Let’s face it – not everyone enjoys shopping for a brake job. For most of us a new set of disk rotors and pads is an unplanned distress purchase, just like a set of new winter tires or a new washing machine, and spending money on it doesn’t bring happiness. However, in due time it must be done, and then the question is: should you pay premium for OEM brand or try the aftermarket replacements?
OEM stands for genuine parts by Original Equipment Manufacturer. These are the original parts that came with your vehicle. OEM parts come with a high price tag as you have to pay for the original brand name and the dealership overhead.
It is important to note that although the OEM rotors and pads are distributed by the official dealerships, they are not necessarily made by the vehicle's manufacturer. In most cases the OEM brakes are produced by sub-contracting suppliers (like Bosch or Brembo) that are not affiliated or owned by the car maker. Same supplier can produce high-performance aftermarket rotors and pads that would exceed the basic OEM features. A reputable aftermarket supplier could be a viable and cost-effective alternative to the pricy official dealerships. However, your search can be tricky, as there are so many third-party brands and distributers out there - all ranging in quality, price, and warranty coverage. There are few important considerations while shopping for an aftermarket rotors and pads.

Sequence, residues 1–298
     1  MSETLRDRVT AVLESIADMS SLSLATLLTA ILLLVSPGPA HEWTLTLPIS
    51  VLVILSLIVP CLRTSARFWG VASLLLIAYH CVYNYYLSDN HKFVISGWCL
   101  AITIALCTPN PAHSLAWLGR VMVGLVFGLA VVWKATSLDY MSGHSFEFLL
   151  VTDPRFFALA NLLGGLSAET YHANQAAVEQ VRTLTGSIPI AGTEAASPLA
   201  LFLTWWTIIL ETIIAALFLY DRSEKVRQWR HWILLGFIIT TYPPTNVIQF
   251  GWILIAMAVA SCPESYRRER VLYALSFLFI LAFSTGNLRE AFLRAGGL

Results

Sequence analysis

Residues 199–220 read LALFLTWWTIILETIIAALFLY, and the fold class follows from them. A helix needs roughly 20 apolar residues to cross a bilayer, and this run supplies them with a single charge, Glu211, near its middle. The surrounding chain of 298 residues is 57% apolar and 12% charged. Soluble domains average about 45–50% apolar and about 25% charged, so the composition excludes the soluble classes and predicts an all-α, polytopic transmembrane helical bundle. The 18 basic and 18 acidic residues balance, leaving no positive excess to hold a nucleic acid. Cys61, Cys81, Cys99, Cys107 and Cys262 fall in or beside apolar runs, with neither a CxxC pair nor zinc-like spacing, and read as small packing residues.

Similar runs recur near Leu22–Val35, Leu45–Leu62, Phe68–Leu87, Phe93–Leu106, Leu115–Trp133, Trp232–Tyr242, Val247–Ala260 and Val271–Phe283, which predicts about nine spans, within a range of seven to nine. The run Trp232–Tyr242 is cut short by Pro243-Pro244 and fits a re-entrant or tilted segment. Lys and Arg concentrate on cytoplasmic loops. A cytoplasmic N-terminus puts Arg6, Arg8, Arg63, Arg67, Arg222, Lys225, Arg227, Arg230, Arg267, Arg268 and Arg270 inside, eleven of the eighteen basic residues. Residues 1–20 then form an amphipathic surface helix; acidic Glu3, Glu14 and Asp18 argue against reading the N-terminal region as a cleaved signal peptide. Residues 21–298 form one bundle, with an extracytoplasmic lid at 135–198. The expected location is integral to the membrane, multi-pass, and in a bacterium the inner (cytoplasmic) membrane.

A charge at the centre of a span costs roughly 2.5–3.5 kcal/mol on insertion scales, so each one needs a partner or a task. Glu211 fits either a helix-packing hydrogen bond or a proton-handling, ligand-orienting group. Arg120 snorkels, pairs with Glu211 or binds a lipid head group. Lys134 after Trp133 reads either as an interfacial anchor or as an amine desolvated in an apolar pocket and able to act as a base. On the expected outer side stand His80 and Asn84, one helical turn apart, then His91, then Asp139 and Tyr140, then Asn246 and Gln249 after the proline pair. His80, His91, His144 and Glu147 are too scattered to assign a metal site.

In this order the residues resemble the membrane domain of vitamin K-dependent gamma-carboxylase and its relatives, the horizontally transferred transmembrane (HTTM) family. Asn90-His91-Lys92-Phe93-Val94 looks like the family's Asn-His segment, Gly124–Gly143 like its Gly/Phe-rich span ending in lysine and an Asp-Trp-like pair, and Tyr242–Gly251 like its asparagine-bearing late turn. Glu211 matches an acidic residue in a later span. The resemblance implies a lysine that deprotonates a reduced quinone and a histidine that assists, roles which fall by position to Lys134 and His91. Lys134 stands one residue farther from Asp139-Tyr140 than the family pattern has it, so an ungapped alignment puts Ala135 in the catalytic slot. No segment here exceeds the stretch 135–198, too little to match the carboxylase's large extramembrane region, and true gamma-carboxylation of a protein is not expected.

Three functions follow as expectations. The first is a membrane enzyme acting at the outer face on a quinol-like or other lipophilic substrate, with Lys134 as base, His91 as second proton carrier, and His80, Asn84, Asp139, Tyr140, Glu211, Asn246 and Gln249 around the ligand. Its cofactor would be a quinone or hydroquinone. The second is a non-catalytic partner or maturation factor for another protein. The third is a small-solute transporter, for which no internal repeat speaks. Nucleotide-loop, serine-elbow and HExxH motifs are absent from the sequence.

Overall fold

Quality: Safe and robust parts
Look for a reputable supplier and ask for first-tier premium grade parts that match the genuine form, fit, and function. Check online reviews on Google, Facebook, and Amazon for customer feedback.
Local stock: Readily available parts for pickup, delivery, refunds, or exchanges
Search for a supplier with local stock and same day availability. Local availability makes the pickup, refunds, and exchanges quick and simple.
Warranty: Support by vendor, not manufacturer
Ask whether the supplier warrants their parts. Majority of aftermarket vendors do not offer a direct warranty, and would instead tell you to file a claim with the part's manufacture in case of a problem. And if the manufacture is not local, you will likely give up on your claim because of tedious correspondence and outrageous return shipping fees.